Flooding in Pakistan

Satellite image of floods in the Sindh province of Pakistan, 30 Aug 2022
MODIS Land Rapid Response Team, NASA GSFC

The satellite imagery of the flooding in Pakistan is insufficient to grasp how widespread the devastation is, unless you zoom out enough (which you can do at the MODIS page). The imagery focuses on the flood plain of the Indus River: it covers most of Sindh province and a good chunk of Baluchistan. See The Washington Post’s maps for perspective. The Earth Observatory and MODIS pages, as well as the CNN article, have before/after image sliders: Earth Observatory compares the situation to three weeks ago, the other two to last year.

Update, 1 Sept:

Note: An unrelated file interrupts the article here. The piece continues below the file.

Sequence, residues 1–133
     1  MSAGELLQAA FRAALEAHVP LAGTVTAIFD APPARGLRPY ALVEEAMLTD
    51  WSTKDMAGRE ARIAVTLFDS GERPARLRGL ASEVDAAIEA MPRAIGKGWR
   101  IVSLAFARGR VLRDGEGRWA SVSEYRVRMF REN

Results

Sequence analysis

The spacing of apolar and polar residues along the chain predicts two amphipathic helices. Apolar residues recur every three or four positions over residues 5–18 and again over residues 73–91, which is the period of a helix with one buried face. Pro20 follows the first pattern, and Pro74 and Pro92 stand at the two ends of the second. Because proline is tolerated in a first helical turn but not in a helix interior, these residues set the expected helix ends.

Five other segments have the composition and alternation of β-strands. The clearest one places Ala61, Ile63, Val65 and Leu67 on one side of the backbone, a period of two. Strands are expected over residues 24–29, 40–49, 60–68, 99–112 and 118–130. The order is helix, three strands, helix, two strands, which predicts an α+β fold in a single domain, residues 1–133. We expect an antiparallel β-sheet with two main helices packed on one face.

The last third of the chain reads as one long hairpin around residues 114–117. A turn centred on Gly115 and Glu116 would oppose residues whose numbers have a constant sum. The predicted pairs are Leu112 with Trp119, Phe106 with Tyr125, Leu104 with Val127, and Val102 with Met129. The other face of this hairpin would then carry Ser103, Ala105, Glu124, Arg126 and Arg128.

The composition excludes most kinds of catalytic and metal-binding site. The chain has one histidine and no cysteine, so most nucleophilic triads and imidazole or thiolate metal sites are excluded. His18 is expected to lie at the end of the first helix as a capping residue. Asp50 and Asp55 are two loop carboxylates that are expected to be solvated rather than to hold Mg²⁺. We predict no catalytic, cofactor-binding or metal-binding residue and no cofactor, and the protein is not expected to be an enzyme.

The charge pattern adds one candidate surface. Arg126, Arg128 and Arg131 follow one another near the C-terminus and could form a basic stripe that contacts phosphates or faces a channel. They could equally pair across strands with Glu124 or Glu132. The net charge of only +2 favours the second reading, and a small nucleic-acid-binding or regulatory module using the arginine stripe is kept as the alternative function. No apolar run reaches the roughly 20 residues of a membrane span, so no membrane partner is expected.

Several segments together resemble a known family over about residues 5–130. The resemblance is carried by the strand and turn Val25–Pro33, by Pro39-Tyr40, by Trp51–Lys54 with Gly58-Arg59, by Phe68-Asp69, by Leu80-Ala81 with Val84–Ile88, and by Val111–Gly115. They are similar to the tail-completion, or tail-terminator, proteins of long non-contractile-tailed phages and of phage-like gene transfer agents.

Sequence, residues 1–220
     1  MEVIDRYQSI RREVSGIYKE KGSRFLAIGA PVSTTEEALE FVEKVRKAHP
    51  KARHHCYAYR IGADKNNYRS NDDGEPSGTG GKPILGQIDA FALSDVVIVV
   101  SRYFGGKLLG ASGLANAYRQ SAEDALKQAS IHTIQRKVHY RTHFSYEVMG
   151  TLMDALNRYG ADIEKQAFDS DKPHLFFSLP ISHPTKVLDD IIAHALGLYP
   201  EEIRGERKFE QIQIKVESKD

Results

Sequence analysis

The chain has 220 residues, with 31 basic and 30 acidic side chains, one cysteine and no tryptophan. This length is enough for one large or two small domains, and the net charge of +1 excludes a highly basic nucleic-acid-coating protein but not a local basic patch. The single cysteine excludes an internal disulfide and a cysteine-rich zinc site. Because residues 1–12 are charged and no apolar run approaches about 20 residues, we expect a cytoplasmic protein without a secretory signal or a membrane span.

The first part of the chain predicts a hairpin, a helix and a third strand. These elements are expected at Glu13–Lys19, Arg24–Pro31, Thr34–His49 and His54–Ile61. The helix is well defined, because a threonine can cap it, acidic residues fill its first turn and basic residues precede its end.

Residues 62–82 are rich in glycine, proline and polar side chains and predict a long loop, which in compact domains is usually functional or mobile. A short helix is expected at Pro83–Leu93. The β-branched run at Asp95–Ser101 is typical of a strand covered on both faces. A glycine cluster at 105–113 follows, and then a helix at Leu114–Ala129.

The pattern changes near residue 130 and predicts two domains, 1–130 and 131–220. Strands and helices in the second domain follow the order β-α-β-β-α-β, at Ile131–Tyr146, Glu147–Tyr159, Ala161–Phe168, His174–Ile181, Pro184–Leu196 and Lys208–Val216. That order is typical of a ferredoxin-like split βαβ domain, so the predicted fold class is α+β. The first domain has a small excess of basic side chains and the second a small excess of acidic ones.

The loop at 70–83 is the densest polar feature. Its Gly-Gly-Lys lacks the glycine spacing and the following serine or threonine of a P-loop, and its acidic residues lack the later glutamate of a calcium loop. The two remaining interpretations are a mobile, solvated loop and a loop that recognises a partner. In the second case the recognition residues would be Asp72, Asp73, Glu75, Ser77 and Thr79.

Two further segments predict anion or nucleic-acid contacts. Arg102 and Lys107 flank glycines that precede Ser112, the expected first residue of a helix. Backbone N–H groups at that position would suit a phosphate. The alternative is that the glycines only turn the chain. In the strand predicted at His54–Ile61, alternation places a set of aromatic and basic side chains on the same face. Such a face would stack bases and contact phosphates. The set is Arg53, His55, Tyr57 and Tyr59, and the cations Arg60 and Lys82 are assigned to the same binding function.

The ESA has released the above image based on Copernicus Sentinel-1 data. More than a third of Pakistan is now under water.

Update, 3 Sept: The Guardian has more before/after imagery.

Hot and Cold

NASA Earth Observatory map by Jesse Allen based on MODIS data

The deep freeze is unevenly distributed. NASA Earth Observatory published this temperature anomaly map based on data from the MODIS instrument on NASA’s Terra satellite. A temperature anomaly map shows how much warmer or colder temperatures are versus the average—in this case, land surface temperatures from 26 December 2017 to 2 January 2018 are compared to the 2001-2010 average for the same period. While it’s awfully cold in Canada, and the central and eastern United States, it’s warmer than normal in the southwest. And if you look beyond the North American continent (which is something people should do more often), it’s generally warmer worldwide, particularly in Europe and Asia:

NASA Earth Observatory map by Jesse Allen based on MODIS data